Still reading In the Shadow of Young Girls in Flower.
The narrator is still at Balbec with his grandmother. Saint-Loupe has made his appearance.
And I have finally been introduced to the larger than life Baron de Charlus.
Much have been written about de Charlus - one of Proust's most memorable creations, according to various critics and biographers. I have formed an impression of an aristocratic monomaniac, with an ego as consuming and glorious as the Sun, and everyone else just satellite around him.
De Charlus is said to be loosely based on Robert de Montesquiou, French Symbolist poet and art collector – and all around snob.
Proust seemed to have fawned on Montesquiou, and it seemed like a calculated relationship for the writer. "Proust was impressed by Montesquiou's combination of reverence for the arts and extraordinary social connections; the young man shared the first and coveted the second," wrote Edmund White.
In fact, White has quite a few things to say about Robert de Montesquiou:
In 1893 Proust met Robert de Montesquiou at the house of the hostess-painter Madeleine Lemarie … Montesquiou – a monster of egotism who needed constant praise as exaggerated as that which Nero had required, and who could be as sadistic as the Roman emperor if it was not forthcoming – was thirty-seven when Proust, just twenty-two years old, met him. In 1909 he gave a hint of his pretensions when he answered a questionnaire (“Who are you?”) by saying: “Related to a large part of the European aristocracy. Ancestors: Field-Marshals: Blaise de Montluc, Jean de Gassion, Pierre de Montesquiou, Anne-Piere de Montesquiou, the conqueror of Savoy, d’Artagnan (the hero of The Three Musketeers), the abbot de Montesquiou, Louis XVIII’s minister, the General Count A. de Montesquiou, Napoleon’s aide-de-camp.” Proust admired his dandy with his leanness (“I look like a greyhound in a greatcoat,” he said of himself), his fabled friendships with legendary poets such as Verlaine and Mallarme, and his cult of the beautiful conducted in his extravagant house, the Rose Pavilion…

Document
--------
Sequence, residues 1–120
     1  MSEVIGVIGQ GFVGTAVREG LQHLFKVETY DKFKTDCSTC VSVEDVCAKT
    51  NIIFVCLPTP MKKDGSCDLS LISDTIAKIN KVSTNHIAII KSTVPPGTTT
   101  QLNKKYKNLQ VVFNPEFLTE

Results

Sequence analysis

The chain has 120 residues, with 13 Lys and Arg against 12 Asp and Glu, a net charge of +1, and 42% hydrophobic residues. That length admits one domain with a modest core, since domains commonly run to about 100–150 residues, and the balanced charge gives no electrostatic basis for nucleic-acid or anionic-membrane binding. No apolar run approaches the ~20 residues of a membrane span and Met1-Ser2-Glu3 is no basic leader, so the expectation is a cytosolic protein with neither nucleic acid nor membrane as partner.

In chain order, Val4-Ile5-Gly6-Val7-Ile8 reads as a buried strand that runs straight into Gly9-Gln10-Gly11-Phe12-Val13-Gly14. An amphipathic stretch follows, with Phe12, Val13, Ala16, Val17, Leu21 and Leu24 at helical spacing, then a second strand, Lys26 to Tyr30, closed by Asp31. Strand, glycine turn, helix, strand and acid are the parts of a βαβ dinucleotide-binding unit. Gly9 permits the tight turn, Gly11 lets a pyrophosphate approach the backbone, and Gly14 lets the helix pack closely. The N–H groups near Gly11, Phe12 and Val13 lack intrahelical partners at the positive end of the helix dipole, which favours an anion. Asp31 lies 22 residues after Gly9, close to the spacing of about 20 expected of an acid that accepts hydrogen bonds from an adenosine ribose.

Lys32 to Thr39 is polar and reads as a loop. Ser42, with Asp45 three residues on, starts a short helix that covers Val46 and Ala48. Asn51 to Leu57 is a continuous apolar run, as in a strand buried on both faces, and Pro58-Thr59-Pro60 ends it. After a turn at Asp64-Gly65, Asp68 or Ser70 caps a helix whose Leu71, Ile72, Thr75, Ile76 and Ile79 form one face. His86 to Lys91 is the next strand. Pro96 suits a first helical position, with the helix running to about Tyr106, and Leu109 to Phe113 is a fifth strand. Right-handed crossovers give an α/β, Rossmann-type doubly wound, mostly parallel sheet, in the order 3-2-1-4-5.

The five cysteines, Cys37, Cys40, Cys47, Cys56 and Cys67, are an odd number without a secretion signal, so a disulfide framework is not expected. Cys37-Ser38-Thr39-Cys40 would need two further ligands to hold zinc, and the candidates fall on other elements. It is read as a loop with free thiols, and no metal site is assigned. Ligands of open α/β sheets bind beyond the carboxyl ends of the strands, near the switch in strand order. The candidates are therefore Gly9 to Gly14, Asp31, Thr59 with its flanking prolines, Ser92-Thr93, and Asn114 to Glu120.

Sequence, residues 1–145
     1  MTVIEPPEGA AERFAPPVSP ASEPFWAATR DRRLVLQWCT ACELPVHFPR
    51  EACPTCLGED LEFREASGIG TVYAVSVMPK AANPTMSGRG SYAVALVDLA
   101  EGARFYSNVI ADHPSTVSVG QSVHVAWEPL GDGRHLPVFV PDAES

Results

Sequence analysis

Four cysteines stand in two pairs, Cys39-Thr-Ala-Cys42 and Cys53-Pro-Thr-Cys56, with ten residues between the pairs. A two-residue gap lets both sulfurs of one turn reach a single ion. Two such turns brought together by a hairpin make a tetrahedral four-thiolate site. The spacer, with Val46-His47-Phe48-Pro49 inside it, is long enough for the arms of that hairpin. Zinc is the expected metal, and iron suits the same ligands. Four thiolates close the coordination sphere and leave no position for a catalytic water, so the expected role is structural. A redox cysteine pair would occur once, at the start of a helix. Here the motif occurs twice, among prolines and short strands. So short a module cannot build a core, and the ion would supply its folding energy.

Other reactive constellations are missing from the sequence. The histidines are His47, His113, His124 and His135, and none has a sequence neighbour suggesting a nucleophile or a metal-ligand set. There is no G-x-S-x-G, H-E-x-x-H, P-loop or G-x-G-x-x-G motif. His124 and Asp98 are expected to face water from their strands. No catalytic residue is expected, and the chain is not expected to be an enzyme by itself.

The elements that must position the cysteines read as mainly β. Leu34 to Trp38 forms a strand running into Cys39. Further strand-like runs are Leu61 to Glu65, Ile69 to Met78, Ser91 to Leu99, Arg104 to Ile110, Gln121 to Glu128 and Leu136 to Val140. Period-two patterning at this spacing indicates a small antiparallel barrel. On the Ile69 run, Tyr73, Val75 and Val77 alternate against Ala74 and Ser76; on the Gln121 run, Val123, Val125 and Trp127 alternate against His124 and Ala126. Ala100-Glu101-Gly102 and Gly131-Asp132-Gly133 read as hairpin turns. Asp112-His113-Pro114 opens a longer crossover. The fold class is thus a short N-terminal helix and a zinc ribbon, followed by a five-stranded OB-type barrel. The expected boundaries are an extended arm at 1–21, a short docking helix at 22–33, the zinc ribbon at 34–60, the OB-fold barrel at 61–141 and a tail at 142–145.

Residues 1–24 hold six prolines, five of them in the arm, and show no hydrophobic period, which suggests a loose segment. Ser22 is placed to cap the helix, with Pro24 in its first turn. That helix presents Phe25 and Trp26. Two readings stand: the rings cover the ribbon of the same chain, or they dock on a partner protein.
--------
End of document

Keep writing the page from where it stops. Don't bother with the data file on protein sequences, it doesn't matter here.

Montesquiou was a grand seigneur, distinguished by such overweening pride that a society painter was once overheard saying about him, “There’s one good thing about the French Revolution. If it hadn’t happened, that man would have us beating his ponds to keep the frogs quiet.”
In his high-pitched, grating voice Montesquiou was constantly recited his own poetry from volumes with names like Hydrangeas, The Bats, and The Red Beads, or presiding over literary and musical soirees. No praise was too extravagant, and Proust knew how to lay it on thick. "You are the sovereign not only of transitory, but of eternal things," Proust wrote him. On another occasion Proust (ridiculously) compared him to the seventeenth-century playwright Corneille, the father of Frrench classical theater. But Proust was also the master of the nuanced compliments; after Montesquiou showed him his celebrated Japanese dwarf trees, Proust had the nerve to write him that his soul was "a garden as rare and fastiduous as the one in which you allowed me to walk the other day ..." And Montesquiou heard that Proust kept his friends in stitches imitating his way of speaking, of lauging, and of stamping his foot. Most daring of all, Proust proposed to write an essay to be titled "The Simplicity of Monsieur Montesquiou," who had never been previously accused of such a quality.
~ pp 59-60 from Marcel Proust: A Penguin Life
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